Is the ACT Math Section Really Harder? A Closer Look at Question Number Shifts and Scaling

Over the past two years, and after the release of the new ACT Official Prep Guide, there has been a great deal of discussion on whether or not the ACT Math section is getting meaningfully harder. Although we have addressed these concerns, we decided to go a step further and dive into the data.

Let’s get the first thing out of the way; the Math section is getting marginally more difficult. But how can we tell?

The ACT Math section is rare in that it deliberately increases in difficulty from the first question (Question #1) to the last question (Question #60). We can use the question number to assign an approximate difficulty level. When the ACT released the new Guide, it contained many of the same Math questions from the old ACT Guide but with a reassigned question number. We conducted a detailed analysis to detect and interpret any question number shift trends.

What did we find?

On average, questions that were considered to be harder are now considered about 2.8 question numbers easier. Practically, this means that a question that was considered #40 in the old book is only considered a #37 or #38 in the new book. This shift was most pronounced in the middle question range. On the hardest questions, we found almost no question number shift, although we did see an increase in the range of concepts, and the introduction of new or rarely tested concepts. OK, so the questions are getting a little bit harder.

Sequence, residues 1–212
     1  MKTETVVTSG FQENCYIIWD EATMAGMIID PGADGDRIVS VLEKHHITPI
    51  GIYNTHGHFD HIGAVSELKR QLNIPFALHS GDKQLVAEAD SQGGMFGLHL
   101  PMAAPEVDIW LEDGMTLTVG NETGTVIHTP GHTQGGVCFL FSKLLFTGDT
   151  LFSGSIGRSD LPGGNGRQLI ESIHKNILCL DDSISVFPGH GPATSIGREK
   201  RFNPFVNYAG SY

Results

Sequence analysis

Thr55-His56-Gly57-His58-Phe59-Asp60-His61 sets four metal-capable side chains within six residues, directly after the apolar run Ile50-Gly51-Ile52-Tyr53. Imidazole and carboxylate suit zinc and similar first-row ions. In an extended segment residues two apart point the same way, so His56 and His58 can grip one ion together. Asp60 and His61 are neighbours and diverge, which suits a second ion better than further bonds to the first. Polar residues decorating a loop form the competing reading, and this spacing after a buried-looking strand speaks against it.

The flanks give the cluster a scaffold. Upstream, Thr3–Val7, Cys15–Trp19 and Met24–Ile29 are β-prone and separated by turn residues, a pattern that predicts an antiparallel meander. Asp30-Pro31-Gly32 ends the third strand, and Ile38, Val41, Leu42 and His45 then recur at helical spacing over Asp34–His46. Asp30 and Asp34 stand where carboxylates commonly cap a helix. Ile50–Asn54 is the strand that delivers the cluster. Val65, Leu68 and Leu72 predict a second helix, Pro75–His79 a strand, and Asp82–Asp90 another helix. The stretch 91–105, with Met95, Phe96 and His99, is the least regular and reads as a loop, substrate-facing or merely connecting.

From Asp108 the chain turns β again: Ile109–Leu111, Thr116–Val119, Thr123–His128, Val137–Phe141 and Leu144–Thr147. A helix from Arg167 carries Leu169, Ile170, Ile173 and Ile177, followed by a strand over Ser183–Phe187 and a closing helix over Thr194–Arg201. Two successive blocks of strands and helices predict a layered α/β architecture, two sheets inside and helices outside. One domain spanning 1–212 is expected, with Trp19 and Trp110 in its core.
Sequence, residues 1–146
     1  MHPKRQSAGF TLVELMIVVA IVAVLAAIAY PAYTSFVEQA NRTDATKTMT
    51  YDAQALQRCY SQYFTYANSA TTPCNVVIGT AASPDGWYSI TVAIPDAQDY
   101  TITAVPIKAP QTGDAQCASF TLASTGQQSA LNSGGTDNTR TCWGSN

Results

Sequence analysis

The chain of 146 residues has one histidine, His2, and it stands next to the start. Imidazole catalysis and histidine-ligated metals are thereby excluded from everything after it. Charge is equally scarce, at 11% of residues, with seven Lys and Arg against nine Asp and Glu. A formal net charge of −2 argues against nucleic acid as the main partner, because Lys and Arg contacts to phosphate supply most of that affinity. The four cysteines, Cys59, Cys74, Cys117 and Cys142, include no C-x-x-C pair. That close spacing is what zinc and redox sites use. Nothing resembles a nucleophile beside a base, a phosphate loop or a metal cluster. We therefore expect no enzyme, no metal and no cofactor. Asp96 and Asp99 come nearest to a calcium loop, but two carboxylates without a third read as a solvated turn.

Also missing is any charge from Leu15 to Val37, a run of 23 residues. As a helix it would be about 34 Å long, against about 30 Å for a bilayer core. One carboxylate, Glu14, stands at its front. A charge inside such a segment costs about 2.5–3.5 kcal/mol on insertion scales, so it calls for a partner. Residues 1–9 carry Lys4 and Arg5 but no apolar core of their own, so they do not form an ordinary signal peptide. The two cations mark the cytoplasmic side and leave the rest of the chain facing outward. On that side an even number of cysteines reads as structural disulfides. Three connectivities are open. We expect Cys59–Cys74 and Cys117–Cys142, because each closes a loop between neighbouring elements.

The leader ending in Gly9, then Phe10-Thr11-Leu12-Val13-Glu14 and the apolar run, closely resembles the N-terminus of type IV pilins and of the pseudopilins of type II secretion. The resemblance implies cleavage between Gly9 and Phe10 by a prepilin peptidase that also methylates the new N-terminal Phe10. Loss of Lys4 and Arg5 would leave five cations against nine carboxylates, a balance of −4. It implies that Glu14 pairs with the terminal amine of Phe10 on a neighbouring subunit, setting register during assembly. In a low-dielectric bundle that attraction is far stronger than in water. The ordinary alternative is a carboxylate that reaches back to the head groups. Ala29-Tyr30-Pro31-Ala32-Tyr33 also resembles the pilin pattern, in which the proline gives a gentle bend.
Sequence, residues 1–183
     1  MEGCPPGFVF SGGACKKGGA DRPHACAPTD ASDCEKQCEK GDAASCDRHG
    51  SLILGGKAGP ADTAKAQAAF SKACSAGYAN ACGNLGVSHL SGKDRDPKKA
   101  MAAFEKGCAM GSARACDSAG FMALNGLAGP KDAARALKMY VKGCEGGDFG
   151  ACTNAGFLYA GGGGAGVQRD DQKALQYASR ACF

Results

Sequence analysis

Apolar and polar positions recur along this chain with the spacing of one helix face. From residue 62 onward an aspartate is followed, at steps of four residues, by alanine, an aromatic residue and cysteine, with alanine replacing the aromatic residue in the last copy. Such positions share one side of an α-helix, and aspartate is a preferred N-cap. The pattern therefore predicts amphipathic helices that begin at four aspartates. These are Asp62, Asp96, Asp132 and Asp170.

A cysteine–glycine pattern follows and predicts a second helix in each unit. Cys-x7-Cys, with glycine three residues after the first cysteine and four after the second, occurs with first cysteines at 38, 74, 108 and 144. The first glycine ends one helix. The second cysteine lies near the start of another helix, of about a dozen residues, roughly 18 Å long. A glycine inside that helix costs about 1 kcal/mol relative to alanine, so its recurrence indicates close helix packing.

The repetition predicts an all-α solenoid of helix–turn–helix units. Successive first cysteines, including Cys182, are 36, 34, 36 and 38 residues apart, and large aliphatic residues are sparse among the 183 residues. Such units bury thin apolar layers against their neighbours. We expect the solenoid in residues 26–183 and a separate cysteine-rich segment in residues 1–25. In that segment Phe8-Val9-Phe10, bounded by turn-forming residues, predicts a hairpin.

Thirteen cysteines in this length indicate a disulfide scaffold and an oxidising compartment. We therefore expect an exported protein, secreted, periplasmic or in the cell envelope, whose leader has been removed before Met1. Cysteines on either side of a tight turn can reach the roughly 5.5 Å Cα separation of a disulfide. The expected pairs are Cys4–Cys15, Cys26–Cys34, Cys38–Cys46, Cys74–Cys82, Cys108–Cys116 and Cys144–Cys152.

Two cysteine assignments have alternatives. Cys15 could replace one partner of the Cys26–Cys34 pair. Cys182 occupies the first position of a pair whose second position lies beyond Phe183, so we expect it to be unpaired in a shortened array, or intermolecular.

But we didn’t stop the analysis there.

The other indicator of a section’s difficulty is how stringent or forgiving the scaling is. As we know, answering the same number of questions right on any given test doesn’t necessarily result in the same scaled (1–36) score. When we compared the scaling from the old and new ACT Guides, we found a meaningful adjustment favoring the new tests. The scaling on the new tests is more forgiving to students; a student can answer one more question wrong and still receive the same scaled score.


Figure 1: This graph compares the Raw Score (number of questions correct) with the Scaled Score from 1–36. The blue dots show the average scaled score from the new ACT Guide tests, and the yellow dots show the average scaled scoring from the old ACT Guide tests. At almost every point, the new ACT Guide scaling is higher than the old ACT Guide scaling.

This is most pronounced at the higher end of the scale. Middle- and high-scoring students will receive the most benefit from the favorable curve. For example, on the old ACT Guide test, a student who answered 54 questions correctly would score an average of 31. On the new ACT Guide tests, a student needs to only answer 50 questions correctly to average 31.

Taken together, we can confidently state that, although the questions are getting slightly more difficult, the favorable scaling negates any increased difficulty. For students who are concerned about the increasing difficulty of the test, we recommend a prep program that addresses the targeted, specific needs of each student. At ArborBridge, our modular curriculum allows our team to almost instantly adjust to any test changes or concepts, allowing students to focus their prep time most efficiently.


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Lisa McManus

About Lisa McManus

Lisa graduated from the Columbia School of Public Health where she finished a degree in sociomedical sciences after studying biology as an undergrad at Georgetown. At both universities, she completed theses based on education and pedagogy, conducting original research and teaching in low-income middle schools. After graduation, Lisa developed targeted curricula for small after-school programs.

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